See additional varieties & conditions of this stamp.

#2491 – 1993 29c Pine Cone,self-adh,single

Condition
Price
Qty
- Mint Stamp(s)
Ships in 7-10 days.
$1.10
- Used Stamp(s)
Ships in 7-10 days.
$0.25
5 More - Click Here
Condition
Price
Qty
camera Mystic First Day Cover
Ships in 7-10 days.
$2.95
camera Classic First Day Cover
Ships in 7-10 days.
$2.25
camera Silk First Day Cover
Ships in 7-10 days.
$2.75
camera Fleetwood First Day Cover
Ships in 7-10 days.
$3.20
- Fleetwood First Day Cover (plate block)
Ships in 7-10 days.
$3.75
Grading Guide
Add Mount Kit
Condition
Price
Qty
- 25 Horizontal Strip Mounts, Black, Split-back, 215 x 36 millimeters (8-7/16 x 1-7/16 inches)
Ships in 7-10 days.
$7.75
- Mystic Black Mount Size 33/36 (15)
Ships in 7-10 days.
$2.50
- Mystic Clear Mount 27x30mm
Ships in 7-10 days.
$1.95

U.S. #2491
29¢ Pinecone

Issue Date: November 5, 1993
City: Kansas City, MO
Quantity: 150,000,000
Printed By: Banknote Corporation of America
Printing Method:
Photogravure
Perforations:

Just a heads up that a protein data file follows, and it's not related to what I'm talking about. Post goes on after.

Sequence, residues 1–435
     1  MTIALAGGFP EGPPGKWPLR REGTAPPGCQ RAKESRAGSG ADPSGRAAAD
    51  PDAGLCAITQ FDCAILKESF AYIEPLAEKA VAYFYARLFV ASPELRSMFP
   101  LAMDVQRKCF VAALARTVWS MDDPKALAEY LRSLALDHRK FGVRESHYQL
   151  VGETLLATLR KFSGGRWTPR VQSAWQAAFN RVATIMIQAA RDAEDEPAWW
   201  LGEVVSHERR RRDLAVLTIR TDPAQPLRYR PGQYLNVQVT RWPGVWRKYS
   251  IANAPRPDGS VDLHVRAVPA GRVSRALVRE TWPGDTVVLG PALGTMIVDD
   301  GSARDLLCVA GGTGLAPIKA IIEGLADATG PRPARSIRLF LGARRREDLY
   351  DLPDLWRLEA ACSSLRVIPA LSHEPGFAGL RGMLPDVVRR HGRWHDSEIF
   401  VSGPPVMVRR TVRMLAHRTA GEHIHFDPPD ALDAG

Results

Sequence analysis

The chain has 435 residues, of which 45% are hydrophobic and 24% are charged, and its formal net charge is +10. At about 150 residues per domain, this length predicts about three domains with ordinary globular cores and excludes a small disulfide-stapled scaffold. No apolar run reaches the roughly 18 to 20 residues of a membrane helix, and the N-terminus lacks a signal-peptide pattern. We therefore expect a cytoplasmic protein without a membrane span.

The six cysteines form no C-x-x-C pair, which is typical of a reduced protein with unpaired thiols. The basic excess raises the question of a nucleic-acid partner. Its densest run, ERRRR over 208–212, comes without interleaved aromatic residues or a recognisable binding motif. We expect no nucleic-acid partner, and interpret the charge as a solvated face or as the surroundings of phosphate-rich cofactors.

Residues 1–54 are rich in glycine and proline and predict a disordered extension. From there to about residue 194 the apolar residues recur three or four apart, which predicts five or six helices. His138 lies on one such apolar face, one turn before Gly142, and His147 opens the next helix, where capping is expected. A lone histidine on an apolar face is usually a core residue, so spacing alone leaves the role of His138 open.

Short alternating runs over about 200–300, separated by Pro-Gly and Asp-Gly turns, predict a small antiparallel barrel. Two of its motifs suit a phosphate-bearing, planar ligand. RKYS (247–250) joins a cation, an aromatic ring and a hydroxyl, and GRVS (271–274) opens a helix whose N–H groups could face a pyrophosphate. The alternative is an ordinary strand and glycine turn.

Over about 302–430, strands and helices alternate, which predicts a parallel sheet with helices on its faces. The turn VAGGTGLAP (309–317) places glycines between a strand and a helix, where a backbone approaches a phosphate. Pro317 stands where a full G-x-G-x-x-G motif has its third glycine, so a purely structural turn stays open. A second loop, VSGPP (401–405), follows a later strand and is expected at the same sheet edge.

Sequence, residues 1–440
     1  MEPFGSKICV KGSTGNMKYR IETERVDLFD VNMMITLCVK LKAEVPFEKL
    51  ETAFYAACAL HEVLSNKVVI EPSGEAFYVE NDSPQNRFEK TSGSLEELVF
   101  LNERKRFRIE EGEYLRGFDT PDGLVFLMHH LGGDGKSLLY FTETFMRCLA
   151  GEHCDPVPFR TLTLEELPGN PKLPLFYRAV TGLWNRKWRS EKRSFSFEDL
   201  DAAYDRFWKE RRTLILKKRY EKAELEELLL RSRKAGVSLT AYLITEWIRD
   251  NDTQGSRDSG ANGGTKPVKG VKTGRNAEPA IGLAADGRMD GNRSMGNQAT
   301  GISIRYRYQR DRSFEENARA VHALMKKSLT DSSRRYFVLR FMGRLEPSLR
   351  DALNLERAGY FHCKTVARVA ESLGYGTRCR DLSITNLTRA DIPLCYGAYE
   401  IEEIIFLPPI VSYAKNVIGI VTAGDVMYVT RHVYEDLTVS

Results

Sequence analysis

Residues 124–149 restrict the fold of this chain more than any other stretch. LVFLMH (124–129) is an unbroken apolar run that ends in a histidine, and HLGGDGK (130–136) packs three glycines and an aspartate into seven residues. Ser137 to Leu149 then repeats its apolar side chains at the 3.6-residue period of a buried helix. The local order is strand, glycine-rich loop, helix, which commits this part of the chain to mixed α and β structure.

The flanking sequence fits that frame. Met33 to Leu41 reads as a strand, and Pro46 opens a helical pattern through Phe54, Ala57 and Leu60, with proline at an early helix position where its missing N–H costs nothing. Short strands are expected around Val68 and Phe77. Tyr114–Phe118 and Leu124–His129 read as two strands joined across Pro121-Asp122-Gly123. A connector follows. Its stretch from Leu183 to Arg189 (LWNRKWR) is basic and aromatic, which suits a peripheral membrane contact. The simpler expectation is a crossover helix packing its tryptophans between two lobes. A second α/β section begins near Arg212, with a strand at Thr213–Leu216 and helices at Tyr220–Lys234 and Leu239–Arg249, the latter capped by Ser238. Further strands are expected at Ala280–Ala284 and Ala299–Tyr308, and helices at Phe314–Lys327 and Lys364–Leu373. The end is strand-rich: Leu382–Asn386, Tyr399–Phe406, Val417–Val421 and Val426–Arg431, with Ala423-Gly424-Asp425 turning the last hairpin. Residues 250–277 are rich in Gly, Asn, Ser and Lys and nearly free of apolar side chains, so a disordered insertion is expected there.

Die cut
Color: Multicolored
 
Although pine trees can be found in a wide range of environments throughout the world, these tall, stately trees are especially common in the mountains of western and southeastern North America, southern Europe, and southeastern Asia. There are over 100 species of pines. Some grow as tall as 200 feet, while others remain small and shrublike.
 
Pine trees belong to a group of plants called conifers, which reproduce by means of cones that produce pollen and seeds. There are actually male and female cones, but when people think of “pine cones” they are usually referring to the females that have woody scales and are much larger than males. Fertilized in the spring by the pollen of male cones, the egg cells of females develop into seeds, which usually take several years to mature. In some species the cones open at maturity, while others remain closed until they are opened by food-seeking animals.
 
Pines are the world’s most important source of timber. Because they grow rapidly and form straight, tall trunks, they are ideal for lumber. Some pine trees produce resin, a substance used to make paint, turpentine, and soap. In addition, the wood pulp of many species is used in manufacturing paper.